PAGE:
Wednesday, 9 April 2008

HTPC woes

Well the HTPC is packing a sad on a nightly basis so i've had to order some replacement hardware to combat the troubles.

I've ordered the following:
AMD Phenom 9500 CPU
Gigabyte MA-78Gxxxx mobo
2GB of DDR2 8500 ram
and a new 500GB HDD for recordings

With any luck this will fix the crashes i've been experiencing.

Saturday, 29 March 2008

51 weeks and counting

Well, it's been almost 51 weeks to the day since the last update, seems like it was only a few months ago really.

Not a lot has happened though really, just the usual holidays around the place and buying up bits and pieces. I'll try and post a few tid bits if information in the coming days as i see fit.

I'm 100% sure that nobody reads this these days so it's more for personal satisfaction than informing the masses so i don't want to hear any complaints on the content :P

Until next time folks, peace out.

Friday, 6 April 2007

I survived

Well, i am still around. A few updates.

Emily moved in with me the other week. It got to the point where she was staying at my flat all the time eating all my food and wasting a bunch of power so i made the executive decision to make her move in with me... all is going well so far.

I have just completed my 3 month stint at MAP and everything seems to be good. I'll try and organise a time to sit down with the three wise men about a possible pay rise next week some time.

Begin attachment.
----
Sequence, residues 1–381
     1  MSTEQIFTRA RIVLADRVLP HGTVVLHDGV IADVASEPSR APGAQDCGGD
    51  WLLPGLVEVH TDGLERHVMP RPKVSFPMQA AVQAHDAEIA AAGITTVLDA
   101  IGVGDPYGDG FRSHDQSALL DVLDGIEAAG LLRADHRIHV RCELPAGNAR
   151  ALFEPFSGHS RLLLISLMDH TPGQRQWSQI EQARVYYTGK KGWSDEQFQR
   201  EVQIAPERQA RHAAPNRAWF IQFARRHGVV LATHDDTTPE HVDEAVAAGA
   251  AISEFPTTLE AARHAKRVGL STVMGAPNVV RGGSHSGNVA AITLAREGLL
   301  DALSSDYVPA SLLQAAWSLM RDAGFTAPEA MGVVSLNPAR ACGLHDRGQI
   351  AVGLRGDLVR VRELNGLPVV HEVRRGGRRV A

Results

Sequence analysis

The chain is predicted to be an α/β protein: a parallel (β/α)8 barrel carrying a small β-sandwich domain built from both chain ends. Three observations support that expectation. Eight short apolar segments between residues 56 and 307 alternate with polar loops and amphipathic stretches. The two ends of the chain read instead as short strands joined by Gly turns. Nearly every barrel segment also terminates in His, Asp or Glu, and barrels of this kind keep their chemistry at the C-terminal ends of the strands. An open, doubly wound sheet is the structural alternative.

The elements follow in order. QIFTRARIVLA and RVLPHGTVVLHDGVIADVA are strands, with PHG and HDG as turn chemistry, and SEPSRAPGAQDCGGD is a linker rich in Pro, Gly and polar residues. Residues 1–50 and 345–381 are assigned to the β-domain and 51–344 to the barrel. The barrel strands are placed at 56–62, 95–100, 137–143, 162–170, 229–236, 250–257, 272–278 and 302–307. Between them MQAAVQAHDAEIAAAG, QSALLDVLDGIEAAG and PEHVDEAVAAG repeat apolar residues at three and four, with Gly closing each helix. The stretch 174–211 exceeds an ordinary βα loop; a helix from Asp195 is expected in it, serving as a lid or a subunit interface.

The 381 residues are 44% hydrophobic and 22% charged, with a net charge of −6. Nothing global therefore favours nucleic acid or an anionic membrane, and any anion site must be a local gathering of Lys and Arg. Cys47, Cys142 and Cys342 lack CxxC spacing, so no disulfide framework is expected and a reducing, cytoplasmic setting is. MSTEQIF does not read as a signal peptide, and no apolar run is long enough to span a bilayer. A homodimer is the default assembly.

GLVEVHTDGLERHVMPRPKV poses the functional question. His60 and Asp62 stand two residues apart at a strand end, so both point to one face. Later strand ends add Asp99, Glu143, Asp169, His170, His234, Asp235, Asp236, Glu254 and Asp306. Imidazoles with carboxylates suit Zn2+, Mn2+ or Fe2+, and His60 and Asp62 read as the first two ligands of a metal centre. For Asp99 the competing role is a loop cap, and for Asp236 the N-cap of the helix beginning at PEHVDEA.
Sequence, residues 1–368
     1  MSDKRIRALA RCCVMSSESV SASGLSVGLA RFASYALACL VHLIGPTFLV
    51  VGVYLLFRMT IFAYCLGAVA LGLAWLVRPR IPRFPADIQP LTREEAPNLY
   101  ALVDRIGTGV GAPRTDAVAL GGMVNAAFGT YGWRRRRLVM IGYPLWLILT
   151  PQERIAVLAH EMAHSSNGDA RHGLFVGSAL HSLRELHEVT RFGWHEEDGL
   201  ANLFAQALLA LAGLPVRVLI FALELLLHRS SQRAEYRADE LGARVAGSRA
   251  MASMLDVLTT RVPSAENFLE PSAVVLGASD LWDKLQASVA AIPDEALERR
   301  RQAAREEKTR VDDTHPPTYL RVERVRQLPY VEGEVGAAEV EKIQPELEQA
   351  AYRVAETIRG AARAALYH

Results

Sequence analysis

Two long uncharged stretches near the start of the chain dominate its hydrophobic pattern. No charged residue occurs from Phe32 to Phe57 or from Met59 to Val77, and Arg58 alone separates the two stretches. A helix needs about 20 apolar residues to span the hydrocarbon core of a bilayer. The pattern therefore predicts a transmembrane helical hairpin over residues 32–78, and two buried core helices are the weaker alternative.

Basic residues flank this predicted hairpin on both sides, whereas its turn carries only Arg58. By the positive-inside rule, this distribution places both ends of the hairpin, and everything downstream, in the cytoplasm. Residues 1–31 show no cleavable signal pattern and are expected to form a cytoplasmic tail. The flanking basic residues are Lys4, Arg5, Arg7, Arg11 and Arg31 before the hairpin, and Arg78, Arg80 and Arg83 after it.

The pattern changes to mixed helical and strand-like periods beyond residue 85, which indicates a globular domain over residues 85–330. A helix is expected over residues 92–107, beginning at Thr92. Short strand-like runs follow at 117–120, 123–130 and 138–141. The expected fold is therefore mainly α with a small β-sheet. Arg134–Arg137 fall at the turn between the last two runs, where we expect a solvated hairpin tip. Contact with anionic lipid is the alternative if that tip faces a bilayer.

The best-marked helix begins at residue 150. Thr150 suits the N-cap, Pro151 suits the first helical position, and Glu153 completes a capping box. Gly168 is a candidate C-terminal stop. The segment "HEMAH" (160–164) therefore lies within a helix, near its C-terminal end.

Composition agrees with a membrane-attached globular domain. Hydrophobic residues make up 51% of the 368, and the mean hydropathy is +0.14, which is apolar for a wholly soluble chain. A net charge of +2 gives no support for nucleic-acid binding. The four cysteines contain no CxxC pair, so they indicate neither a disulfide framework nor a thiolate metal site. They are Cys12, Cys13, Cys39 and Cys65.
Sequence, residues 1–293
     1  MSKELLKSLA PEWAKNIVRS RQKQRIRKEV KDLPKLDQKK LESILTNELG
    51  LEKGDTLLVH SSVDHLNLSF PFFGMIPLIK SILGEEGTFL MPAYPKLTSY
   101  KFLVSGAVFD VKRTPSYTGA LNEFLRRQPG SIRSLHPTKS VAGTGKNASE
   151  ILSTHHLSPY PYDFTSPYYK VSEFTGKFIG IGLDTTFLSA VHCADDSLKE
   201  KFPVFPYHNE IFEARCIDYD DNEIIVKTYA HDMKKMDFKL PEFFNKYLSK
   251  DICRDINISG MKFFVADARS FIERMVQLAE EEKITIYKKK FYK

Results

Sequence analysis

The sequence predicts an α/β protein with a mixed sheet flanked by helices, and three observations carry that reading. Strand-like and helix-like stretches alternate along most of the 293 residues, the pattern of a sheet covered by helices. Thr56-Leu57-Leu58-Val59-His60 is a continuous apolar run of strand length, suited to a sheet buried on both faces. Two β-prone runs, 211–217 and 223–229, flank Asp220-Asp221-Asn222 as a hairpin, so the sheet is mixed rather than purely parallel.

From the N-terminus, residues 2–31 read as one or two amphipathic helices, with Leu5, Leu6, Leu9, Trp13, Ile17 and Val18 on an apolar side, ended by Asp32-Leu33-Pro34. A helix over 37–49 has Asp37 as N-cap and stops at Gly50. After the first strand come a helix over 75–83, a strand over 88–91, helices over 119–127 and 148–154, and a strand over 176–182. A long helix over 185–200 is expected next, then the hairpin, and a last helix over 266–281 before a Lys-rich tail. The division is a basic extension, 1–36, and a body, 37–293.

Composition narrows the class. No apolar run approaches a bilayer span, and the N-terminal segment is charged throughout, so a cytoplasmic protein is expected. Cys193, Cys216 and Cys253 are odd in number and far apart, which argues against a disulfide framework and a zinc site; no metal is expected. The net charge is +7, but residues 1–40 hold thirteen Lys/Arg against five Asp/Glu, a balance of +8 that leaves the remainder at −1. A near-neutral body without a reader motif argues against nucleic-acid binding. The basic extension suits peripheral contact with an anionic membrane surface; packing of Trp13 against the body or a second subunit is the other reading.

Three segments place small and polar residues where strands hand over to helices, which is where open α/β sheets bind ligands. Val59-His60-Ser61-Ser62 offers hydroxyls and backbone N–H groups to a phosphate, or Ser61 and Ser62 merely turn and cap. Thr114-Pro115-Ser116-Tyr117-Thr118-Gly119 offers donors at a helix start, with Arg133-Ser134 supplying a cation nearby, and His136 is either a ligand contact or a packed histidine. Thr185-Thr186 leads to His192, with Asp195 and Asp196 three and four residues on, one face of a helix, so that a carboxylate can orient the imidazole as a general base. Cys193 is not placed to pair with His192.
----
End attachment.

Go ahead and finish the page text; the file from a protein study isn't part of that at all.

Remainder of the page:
In other news i've been slowly accumulating pieces of my new toy... a new RC car... I've wanted a nitro powered RC car for as long as i can remember so now that i have a regular income i have bought this dream to fruition. I'm just waiting on some batteries, a starter box and a charger and i'll be all ready to run the motor in and then try it all out.

I'll get round to posting some pictures later, but for those that care it's an Xray XB8R model car.

Monday, 19 February 2007

More ramblings

Well, it looks like NIN have been/had some songs leaked to the world and a nice site has opened up to share them with us all easily. They sound authentic to me, and not too bad either.

On another note i went to see Babel at the Regent on Worcester movie theater last week and thought it was fantastic. The actors are mostly all good, even the unknown ones. Brad Pitt also didn't make me want to throttle him like he often does. All in all, i'm pleased i paid to see it.

Work, pretty plain to be honest.

There are a few other things too, have a look on wikipedia for Open Source Cola and see if you can make it and whether it tastes anything like branded stuff. I think i might try when i can be bothered and have the money to be able to afford some of the ingredients. Let me know.